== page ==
According to the witnesses, Garrett was wearing street clothing and was able to approach Hancher in the doorway of his apartment.

 

Hancher asked for Garrett

In a jail room interview Wednesday with The Herald Bulletin, Hancher said he asked for Garrett because the two men had gone to school together since the second grade.

“That day I asked for him because I know Joe wouldn’t harm me,” Hancher said.

Hancher, who said he suffers from mental illness after serving in the military, has a prior criminal record.

Wednesday, he said the two men were childhood friends and Garrett had also served in the military. He said he knew he could trust a fellow brother-in-arms.

“Joe actually saved my life,” Hancher said. “He asked me to come outside and talk to him on the porch. That’s when I set the gun down, if I remember that right, and walked out to the porch and the last thing I know, he grabbed me or hugged me or hugged me or something and I got tackled by a SWAT team or somebody tackled me.”

Witnesses said the officers scuffled on the front porch.

“At a certain point, (Hancher) was standing there in between them as all of it was happening and didn’t know what to do. They ended up cuffing him, but Joe was furious,” Garland said.

“There were legs and fists going at it,” she said. “At that one point – no one was in control. They were stepping on each other’s toes, literally.”

Hancher said his foot was “stomped” on, his left thumb was “about tore off” his left hand and his right foot was still "messed up" from the porch scuffle.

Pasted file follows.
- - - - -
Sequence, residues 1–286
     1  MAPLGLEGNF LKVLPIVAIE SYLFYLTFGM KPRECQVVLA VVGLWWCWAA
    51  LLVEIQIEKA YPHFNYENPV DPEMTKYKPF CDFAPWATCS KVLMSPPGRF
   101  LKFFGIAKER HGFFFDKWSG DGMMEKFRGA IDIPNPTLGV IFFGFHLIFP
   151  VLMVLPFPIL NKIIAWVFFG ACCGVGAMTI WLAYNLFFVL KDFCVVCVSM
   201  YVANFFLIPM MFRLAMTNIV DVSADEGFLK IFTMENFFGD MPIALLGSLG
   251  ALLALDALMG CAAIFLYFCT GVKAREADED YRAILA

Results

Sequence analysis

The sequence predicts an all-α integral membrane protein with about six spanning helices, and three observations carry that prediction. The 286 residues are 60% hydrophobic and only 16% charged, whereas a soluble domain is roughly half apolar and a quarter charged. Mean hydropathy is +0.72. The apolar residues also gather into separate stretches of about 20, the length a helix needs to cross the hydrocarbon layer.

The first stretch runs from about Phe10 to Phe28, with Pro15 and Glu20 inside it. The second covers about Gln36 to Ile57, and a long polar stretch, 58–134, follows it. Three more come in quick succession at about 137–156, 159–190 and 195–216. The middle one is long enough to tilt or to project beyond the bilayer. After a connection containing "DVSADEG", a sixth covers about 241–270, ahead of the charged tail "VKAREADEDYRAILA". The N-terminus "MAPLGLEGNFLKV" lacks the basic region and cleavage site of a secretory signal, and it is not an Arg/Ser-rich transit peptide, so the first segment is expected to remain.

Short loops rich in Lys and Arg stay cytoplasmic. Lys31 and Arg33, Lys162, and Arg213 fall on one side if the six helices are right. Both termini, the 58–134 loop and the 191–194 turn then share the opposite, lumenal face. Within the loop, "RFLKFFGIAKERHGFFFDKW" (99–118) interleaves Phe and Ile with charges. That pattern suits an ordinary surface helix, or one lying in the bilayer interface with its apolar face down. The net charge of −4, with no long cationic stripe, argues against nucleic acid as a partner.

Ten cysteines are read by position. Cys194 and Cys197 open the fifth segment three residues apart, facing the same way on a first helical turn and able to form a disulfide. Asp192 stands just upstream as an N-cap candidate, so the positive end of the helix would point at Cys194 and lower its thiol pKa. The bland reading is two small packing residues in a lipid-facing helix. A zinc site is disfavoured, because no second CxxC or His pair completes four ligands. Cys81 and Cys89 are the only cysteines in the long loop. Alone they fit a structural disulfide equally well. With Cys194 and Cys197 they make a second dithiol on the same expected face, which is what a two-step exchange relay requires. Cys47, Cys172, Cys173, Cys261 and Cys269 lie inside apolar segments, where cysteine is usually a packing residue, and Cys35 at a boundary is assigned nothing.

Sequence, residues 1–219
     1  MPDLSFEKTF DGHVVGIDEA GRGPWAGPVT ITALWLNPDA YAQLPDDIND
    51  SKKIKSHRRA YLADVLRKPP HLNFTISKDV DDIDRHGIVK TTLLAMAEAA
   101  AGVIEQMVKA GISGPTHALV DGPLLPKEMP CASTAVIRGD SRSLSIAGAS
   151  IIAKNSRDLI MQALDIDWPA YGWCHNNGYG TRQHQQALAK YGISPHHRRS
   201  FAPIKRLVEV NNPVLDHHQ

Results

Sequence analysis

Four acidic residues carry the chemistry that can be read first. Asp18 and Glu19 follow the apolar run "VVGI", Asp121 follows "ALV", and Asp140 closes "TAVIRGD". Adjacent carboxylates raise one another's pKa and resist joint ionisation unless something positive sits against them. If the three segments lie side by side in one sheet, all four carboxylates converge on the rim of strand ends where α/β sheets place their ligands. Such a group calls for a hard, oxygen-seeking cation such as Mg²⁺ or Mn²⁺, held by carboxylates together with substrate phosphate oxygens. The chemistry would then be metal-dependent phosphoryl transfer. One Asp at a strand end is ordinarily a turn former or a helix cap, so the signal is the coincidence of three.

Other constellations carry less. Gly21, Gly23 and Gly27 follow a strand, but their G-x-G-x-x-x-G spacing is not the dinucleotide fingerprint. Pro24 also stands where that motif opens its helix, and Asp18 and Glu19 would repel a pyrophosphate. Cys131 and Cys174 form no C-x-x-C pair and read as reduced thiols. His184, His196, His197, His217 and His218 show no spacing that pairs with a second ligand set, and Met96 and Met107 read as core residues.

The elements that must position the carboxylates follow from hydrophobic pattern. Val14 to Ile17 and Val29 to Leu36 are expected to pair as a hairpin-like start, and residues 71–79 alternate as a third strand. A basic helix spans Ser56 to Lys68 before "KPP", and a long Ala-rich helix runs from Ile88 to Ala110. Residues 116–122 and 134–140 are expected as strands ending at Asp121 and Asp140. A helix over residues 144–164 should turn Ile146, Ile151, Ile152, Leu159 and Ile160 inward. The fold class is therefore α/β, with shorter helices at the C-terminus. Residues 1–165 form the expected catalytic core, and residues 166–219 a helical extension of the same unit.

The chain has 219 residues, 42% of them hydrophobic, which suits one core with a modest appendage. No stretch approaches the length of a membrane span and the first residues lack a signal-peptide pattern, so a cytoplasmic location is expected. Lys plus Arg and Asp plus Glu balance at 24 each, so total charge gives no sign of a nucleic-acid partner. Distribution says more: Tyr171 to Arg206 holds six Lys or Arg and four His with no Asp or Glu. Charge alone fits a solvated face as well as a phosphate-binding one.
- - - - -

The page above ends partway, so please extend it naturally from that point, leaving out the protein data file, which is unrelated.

“But I ain’t going to complain about it,” he said.

When asked if the officers were fighting, Hancher said he was unsure of some of the details, but he said he knows what happened to his friend.

“As far as I know Joe got pushed clear off the porch and it is about a 2-foot drop from the porch to the ground,” he said. “My lawyer told me Joe is in big trouble with the city police department cause of his actions.

“Said something about he didn’t have no bullet-proof vest on, wasn’t carrying no firearm – nothing.”

Crenshaw said the situation at the Hancher scene was rapidly evolving and stressful.

“I was there, I know what happened,” Crenshaw said. “We were in close quarters, it was raining, we couldn’t hear him, there was a lot of things going on there and it’s not always so easy. I’m not saying what they saw is wrong, but it might not be accurate. In the end, we all went home safe.”

Garrett's actions, however, were appreciated by Hancher.

“He just walked up and said he was going to take care of me,” Hancher said. “Most guys wouldn’t do that. Joe really saved my life.”

Like Traci L. Moyer on Facebook and follow her @moyyer on Twitter, or call 648-4250.

What's next Kent Hancher, 56, of Anderson faces felony counts of pointing a firearm at another person, criminal recklessness and unlawful possession of a firearm by a serious violent felon. He is in the Madison County Jail awaiting a jury trial scheduled for June 24.